(Continue . . . )

As always, it isn't too late to get the flu shot.  And with influenza B and H1N1 rising, it could still offer some valuable protection.  But most of all, now is the time to practice good flu hygiene. 

Stay home if you are sick, avoid crowds, wash your hands frequently, and cover your coughs and sneezes. 
While we may have reached the peak of this flu season, there is undoubtedly a good deal of flu in store for the next few weeks.

The `Fog Of Flu' On Novel H7N4


Two days ago, in Jiangsu China Reports 1st Novel H7N4 Human Infection, we learned of the first known human infection with a novel H7N4 virus via information provided to Hong Kong's CHP from Mainland China

While not available at the time - since then China's NHFPC has posted a short (translated) statement (see below) on their website.   

National Health and Family Planning Commission confirmed case of human infection of H7N4 cases

Published: 2018-02-14
National Health and Family Planning Commission February 13, 2018 confirmed case of human infection of H7N4 avian influenza (referred to cases of human infection with H7N4).

Tang patient, female, 68 years old, live in Liyang City, Jiangsu Province, has a history of contact with live poultry before the onset. Onset December 25, 2017, after a "severe pneumonia" hospitalization, January 22, 2018 cured. Jiangsu Provincial Center for Disease Control samples tested H7N4 positive patients with viral nucleic acid, and confirmed by the Chinese Center for Disease Control review. National Health and Family Planning Commission experts, combined with clinical manifestations, epidemiological investigation and laboratory test results, diagnose cases of human infection of H7N4.

HEALTH health department in accordance with the relevant plans and technical solutions for effective treatment of cases, epidemiological investigation, the close contacts and epidemic emergency management disposal. 28 cases of close contacts found no abnormalities, medical observation has been lifted.

Experts suggest that the public in their daily lives should avoid contact with sick or dead poultry, try to avoid direct contact with live poultry. History of contact with poultry and have fever and respiratory symptoms, should be approaching medical institutions for treatment, and the initiative to inform poultry exposure history to the doctor.
Although there have been copious media reports over the past two days, all of them appear to be based on this statement and the announcement from Hong Kong's CHP.
Surprisingly, we've really learned nothing new in the past 48 hours.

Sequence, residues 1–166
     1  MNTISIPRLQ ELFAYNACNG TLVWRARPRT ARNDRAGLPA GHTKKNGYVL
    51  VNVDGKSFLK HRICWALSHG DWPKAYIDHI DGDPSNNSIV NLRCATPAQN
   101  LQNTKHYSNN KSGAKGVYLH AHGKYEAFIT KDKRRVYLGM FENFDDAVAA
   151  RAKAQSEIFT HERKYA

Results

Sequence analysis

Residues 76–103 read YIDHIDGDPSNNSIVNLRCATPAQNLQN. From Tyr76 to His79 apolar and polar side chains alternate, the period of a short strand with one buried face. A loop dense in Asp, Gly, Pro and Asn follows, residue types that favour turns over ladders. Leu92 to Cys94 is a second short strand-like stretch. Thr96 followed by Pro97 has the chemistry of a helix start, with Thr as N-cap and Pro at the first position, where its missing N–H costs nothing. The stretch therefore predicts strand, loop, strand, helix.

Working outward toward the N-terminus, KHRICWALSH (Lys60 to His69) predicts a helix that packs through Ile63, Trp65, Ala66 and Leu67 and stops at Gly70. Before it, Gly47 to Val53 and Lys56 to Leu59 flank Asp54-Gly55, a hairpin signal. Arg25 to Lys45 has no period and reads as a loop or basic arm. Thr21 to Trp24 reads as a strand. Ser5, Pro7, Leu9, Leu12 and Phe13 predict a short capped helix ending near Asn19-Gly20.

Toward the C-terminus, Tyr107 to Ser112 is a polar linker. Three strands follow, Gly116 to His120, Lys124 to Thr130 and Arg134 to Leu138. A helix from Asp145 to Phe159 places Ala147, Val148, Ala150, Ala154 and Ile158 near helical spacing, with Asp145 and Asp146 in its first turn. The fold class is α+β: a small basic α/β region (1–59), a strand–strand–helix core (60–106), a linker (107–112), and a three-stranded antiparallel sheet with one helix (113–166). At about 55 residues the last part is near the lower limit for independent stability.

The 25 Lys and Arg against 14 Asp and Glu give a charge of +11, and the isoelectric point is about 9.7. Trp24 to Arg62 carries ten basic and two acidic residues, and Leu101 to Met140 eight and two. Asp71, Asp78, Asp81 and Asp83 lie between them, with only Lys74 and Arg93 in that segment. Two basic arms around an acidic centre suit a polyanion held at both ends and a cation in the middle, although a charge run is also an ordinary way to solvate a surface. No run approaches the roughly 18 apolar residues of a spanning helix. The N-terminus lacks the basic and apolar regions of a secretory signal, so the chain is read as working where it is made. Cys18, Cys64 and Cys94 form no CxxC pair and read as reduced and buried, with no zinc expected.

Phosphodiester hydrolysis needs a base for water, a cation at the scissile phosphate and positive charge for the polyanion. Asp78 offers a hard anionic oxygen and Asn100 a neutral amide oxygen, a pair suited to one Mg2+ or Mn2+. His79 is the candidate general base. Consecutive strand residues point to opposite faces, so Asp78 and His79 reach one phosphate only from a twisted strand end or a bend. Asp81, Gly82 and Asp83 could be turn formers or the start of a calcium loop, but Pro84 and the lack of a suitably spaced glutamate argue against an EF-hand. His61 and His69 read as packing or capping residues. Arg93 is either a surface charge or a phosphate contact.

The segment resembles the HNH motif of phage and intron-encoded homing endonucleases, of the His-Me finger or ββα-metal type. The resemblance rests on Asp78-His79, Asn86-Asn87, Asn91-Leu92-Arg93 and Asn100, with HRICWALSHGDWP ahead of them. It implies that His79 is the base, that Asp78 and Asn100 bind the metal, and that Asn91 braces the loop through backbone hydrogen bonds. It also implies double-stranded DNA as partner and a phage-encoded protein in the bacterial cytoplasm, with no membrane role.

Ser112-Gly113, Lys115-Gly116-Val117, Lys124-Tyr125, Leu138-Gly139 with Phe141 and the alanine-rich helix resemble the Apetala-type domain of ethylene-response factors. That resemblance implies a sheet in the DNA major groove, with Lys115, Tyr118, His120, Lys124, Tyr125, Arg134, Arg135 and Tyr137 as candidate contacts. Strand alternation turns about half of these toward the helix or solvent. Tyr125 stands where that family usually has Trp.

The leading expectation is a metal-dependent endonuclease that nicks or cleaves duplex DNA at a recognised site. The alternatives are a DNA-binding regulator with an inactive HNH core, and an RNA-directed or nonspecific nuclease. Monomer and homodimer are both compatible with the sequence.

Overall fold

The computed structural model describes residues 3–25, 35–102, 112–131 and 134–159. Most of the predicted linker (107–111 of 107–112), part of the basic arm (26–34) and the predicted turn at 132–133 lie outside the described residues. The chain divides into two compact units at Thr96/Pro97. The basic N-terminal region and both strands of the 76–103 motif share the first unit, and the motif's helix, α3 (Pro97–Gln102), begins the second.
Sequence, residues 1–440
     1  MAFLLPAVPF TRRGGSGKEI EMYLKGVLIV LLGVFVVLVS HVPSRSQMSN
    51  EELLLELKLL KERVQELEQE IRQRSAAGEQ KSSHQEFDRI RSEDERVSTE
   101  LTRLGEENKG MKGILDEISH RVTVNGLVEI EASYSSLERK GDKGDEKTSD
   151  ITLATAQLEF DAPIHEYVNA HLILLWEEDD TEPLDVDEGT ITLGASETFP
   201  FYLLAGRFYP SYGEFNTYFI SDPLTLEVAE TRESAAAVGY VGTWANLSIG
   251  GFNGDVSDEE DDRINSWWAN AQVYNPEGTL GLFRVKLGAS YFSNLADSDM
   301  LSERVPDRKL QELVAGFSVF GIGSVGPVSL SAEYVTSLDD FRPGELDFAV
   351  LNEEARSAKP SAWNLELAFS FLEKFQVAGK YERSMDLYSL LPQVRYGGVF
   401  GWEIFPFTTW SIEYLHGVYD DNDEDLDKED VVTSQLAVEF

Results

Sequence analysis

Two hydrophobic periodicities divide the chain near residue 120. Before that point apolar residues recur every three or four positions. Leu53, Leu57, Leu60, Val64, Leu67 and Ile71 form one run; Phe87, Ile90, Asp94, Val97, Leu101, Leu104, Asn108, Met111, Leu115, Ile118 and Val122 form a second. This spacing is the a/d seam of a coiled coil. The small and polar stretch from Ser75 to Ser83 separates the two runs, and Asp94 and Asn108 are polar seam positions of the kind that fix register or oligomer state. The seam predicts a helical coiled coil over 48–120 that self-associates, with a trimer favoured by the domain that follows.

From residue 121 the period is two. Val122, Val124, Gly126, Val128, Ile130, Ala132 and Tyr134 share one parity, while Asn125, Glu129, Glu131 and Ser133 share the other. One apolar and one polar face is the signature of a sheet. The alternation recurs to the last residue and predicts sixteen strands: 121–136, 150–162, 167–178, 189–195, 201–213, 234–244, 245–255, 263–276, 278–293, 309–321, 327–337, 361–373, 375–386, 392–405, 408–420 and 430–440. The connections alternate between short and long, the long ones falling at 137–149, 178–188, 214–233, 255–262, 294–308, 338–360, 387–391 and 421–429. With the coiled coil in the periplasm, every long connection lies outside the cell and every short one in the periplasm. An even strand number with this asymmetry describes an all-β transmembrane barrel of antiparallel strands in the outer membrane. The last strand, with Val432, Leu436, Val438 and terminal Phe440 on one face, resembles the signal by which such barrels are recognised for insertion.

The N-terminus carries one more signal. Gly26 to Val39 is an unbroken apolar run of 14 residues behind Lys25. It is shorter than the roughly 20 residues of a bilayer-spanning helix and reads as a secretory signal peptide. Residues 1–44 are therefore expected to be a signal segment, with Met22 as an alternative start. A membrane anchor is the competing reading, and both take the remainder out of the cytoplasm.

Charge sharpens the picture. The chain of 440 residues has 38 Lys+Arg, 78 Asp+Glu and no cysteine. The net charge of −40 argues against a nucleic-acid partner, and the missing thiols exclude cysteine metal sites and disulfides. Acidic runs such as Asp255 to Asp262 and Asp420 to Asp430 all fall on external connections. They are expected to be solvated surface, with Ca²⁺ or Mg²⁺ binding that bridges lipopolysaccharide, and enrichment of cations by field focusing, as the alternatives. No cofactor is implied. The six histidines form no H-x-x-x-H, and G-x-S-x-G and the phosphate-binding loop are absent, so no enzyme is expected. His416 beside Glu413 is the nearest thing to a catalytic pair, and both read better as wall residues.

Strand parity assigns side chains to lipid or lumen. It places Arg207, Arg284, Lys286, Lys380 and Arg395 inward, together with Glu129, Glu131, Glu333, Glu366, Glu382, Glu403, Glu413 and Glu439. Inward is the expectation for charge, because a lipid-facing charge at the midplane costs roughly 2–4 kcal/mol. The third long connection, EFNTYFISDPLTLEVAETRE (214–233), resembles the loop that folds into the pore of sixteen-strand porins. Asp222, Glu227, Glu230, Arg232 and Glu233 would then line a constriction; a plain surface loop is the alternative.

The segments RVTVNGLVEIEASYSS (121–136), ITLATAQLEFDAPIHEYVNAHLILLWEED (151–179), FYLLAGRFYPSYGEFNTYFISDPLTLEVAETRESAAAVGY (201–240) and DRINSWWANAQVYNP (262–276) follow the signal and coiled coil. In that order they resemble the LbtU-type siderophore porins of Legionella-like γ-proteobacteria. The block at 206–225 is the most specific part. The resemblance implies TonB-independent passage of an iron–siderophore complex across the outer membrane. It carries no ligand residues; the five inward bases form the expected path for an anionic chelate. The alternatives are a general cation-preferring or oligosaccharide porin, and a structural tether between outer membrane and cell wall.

I say `surprisingly', because five years ago - within the first 48 hours after the first H7N9 cases were announced (see China: Two Deaths From H7N9 Avian Flu) - we were flooded with updates from a variety of official sources, including:
WHO: Update On H7N9 Virus 

Hong Kong: SFH On H7N9

More Details Emerge On Shanghai H7N9 Case 
Just a little more than 48 hours after the first announcement we were already getting preliminary information about this this novel flu's sequences.
Nature: Declan Butler On The H7N9 Virus Sequences
Webby On H7N9: `Clear Evidence Of Mammalian Adaptation’

Of course, the difference in 2013 was there were multiple cases reported in Shanghai and Anhui province, lending a greater degree of urgency to those reports.  With H7N4, we only have one case (so far)

While I'm hopeful we'll get some information on the genetic sequences of this novel virus over the next few days, with the Lunar New Year celebrations in full swing across Asia, I'm not terribly optimistic that we will hear much until next week.

HHS/CDC Press Conference On Active Flu Season


Late yesterday afternoon the HHS announced a live video press conference would be held at 4:30pm EDT on this year's ongoing severe flu season which would feature HHS Secretary Alex Azar, Acting CDC Director Anne Schuchat, Surgeon General Jerome Adams, and a number of other public health officials.
Since the notice went out so late (I received mine at a quarter to 3), I imagine very few people had time to adjust their schedule to watch. Luckily, a video is already up on the HHS YouTube Channel. 
While not providing any specifics on what we might expect from today's weekly FluView report, officials - after discussing yesterday's MMWR report (see Interim Estimates of 2017–18 Seasonal Influenza Vaccine Effectiveness (VE))the panel continued to urge anyone who hasn't yet been vaccinated to get the shot.
The video conference lasts just under 20 minutes, and also stressed the need to maintain good flu hygiene, and to seek medical advice early for cases of severe flu, or flu in high risk individuals. 
We won't know until later today whether this year's flu season has peaked, or is still on the ascendant, but either way there are almost certainly several more weeks of heavy flu activity ahead.  Additionally, as H3N2 wanes, we may see a surge in Influenza B or H1N1 (or both).